Armenian Genocide

THE FRENCH OCCUPATION OF ALGERIA
A notorious early literal holocaust occurred in 1844 when French soldiers herded Algerians into caves and created “smoking parlors” by setting fire to the entrances, giving the victims the choice of perishing via smoke inhalation or being burned to death. Within decades after the French occupation began, the native Algerian population shrank by nearly half.

On May 8, 1945—the day the Nazis surrendered—the French brutally suppressed an Algerian nationalist uprising in what became known as the Sétif Massacre. In keeping with the general pattern, the French claimed there were only 1,020 Algerian victims, while Algerians insist the death toll was closer to 45,000.

Until Algeria finally won independence in 1962, tactics in France’s “dirty war” were said to include cramming Algerians into concentration camps, dumping live Algerians into the sea via helicopters, torture by electric shock, sleep deprivation, truth serums, burying old men alive, and sodomy with glass objects. During a 1961 Algerian protest in Paris, the gendarmerie were said to have murdered up to 200 Algerians, whose bodies kept inconveniently washing up along the Seine’s banks.

The French government has not formally admitted to any of this and has routinely censored publications that dare to raise the subject—all while demanding penitence from Turks whose actions in World War I didn’t affect them in the least.

 

What to make of all this guilt-denial and guilt-projection, and why does it always seem to follow the same depressing patterns?

In pragmatic terms, denying historical guilt allows a nation to avoid costly civil claims from violating international humanitarian law. But in terms of national mythology, no group can seem to remain cohesive unless they perpetuate an unassailable narrative of collective honor coupled with its enemies’ moral degeneracy. Nearly all of politics consists of justifying one’s own side while infecting the enemy with guilt germs.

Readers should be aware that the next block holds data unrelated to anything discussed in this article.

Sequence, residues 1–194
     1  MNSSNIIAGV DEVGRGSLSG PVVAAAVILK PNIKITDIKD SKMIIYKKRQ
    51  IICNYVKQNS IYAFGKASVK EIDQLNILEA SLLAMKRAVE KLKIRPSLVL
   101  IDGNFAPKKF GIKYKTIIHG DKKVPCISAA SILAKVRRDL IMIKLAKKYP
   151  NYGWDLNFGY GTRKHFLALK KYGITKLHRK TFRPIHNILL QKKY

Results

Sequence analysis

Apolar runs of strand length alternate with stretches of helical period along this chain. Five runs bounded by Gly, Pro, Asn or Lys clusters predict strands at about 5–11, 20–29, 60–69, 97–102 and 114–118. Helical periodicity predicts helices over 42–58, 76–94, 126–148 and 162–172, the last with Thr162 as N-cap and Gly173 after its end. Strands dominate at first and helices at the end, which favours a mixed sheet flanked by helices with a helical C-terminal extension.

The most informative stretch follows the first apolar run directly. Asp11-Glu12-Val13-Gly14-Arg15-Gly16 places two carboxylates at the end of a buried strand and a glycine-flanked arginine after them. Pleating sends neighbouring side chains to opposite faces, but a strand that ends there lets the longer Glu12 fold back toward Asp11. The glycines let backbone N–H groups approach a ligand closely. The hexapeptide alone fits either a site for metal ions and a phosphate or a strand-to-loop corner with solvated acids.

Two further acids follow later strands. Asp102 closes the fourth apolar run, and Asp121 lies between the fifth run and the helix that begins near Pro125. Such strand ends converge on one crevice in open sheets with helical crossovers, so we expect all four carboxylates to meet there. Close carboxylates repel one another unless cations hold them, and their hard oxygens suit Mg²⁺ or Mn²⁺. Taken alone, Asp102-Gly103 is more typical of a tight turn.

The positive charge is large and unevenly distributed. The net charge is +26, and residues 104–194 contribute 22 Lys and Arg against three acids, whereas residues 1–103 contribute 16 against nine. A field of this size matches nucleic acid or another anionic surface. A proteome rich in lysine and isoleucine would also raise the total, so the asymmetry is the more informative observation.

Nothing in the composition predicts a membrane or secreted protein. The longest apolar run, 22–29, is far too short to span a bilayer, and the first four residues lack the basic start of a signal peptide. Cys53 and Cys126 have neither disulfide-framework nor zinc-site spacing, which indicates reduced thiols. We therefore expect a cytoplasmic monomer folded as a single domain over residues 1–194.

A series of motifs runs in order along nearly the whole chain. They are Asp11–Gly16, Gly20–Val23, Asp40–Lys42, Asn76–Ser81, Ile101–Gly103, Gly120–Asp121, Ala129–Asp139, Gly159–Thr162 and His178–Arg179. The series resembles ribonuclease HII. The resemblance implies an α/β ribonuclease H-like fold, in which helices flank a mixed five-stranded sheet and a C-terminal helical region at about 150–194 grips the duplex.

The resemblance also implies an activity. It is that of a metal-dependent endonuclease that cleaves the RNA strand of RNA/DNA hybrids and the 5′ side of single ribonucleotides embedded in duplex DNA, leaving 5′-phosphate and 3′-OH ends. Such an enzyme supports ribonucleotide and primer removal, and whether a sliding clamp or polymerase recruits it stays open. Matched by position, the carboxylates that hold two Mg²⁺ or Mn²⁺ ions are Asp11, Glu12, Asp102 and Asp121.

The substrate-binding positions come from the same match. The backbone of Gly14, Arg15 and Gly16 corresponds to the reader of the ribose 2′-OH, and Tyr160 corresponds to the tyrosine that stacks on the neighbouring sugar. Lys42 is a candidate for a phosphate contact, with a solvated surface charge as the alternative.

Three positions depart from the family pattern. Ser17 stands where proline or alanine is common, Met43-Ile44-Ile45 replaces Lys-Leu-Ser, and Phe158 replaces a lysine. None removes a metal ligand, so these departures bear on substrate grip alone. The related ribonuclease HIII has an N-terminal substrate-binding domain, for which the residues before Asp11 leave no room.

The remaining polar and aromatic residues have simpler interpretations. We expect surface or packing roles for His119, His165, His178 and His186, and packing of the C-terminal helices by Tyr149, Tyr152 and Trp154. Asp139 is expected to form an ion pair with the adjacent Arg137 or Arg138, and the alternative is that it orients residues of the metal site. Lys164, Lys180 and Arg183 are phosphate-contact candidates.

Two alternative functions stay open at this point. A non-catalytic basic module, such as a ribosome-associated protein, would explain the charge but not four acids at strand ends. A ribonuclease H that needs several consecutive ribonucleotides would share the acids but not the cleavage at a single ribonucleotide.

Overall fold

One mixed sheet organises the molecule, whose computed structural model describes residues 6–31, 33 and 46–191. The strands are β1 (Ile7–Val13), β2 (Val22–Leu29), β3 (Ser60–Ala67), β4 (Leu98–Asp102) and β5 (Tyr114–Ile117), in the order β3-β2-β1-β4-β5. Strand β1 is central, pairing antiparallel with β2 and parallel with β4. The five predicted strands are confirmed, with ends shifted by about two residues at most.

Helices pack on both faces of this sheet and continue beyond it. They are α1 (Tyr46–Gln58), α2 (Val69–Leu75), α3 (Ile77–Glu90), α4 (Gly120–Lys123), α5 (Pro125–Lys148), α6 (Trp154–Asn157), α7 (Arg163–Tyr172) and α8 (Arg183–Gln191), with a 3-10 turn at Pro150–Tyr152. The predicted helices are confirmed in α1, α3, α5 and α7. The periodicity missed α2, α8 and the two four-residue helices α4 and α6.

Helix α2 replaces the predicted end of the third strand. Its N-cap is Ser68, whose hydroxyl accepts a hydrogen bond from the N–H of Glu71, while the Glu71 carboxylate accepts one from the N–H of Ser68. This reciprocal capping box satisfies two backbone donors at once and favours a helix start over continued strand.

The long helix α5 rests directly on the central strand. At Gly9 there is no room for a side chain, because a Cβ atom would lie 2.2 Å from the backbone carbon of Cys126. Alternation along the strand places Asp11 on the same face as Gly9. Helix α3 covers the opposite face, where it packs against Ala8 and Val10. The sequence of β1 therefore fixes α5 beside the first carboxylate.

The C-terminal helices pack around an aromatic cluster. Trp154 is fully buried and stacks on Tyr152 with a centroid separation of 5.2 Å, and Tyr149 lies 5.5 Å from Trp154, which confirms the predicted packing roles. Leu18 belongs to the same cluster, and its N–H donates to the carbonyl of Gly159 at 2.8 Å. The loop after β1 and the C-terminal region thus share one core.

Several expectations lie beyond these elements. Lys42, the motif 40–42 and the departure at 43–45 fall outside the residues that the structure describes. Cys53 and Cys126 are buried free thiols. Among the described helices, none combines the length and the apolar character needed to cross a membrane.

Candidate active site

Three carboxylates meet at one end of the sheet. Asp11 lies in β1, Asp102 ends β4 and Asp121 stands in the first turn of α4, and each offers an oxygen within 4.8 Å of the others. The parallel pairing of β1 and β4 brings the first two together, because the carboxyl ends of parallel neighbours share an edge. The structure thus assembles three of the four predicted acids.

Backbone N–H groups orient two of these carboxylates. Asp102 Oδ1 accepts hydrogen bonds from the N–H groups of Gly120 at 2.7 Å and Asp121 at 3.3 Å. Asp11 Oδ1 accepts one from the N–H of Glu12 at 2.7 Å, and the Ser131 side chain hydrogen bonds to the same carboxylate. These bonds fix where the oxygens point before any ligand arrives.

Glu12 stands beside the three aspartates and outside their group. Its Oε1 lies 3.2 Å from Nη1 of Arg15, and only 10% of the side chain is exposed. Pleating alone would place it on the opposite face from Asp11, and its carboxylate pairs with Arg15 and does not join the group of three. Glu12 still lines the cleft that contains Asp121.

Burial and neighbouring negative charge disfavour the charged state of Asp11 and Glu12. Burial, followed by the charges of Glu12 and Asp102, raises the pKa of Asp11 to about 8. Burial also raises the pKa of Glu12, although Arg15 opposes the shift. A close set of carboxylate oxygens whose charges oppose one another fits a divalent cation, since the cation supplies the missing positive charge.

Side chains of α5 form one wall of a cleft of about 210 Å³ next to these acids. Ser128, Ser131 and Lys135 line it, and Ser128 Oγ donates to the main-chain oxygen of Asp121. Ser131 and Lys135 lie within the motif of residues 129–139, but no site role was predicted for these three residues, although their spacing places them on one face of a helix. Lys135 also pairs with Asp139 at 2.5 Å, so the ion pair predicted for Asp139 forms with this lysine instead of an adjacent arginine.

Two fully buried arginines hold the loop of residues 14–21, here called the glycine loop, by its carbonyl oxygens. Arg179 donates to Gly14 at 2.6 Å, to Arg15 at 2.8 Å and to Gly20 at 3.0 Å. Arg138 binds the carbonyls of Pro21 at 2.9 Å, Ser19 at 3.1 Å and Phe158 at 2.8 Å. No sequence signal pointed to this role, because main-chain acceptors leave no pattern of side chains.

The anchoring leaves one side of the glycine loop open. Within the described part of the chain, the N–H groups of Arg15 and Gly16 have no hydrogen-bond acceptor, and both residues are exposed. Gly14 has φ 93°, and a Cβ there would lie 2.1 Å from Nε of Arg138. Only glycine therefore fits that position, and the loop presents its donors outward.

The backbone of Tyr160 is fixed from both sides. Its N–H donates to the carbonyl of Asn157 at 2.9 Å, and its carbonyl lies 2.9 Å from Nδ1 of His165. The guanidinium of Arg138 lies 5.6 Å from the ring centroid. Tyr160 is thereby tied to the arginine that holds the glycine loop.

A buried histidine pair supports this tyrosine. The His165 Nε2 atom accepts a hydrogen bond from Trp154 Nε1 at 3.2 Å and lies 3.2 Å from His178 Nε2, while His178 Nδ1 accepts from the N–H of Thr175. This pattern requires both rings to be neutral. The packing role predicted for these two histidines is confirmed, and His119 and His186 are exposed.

The twisted moral lesson is that it’s never genocide when we do it. Evolutionary group psychology hopelessly colors the way a tribe views history. This is why the descendants of Aztecs and Bantus who now scream for reparations regarding European colonialism would have you believe—despite all evidence—that they were humble, peaceful peoples before Paleface arrived.

Tremendous political power lies in managing the narrative, assigning historical guilt, and dictating what constitutes genocide and what doesn’t. Apologies never bring back the dead, who are cynically utilized as Propaganda Corpses. Apologies only serve to hobble the apologizer. While projecting guilt onto the enemy always precedes their annihilation, instilling guilt in them can win a war without a shot being fired. Persuading a social group to swallow a Guilt Pill is a more powerful weapon than 1,000 atomic bombs.

After all, look at what it’s done to Western Civilization.

 



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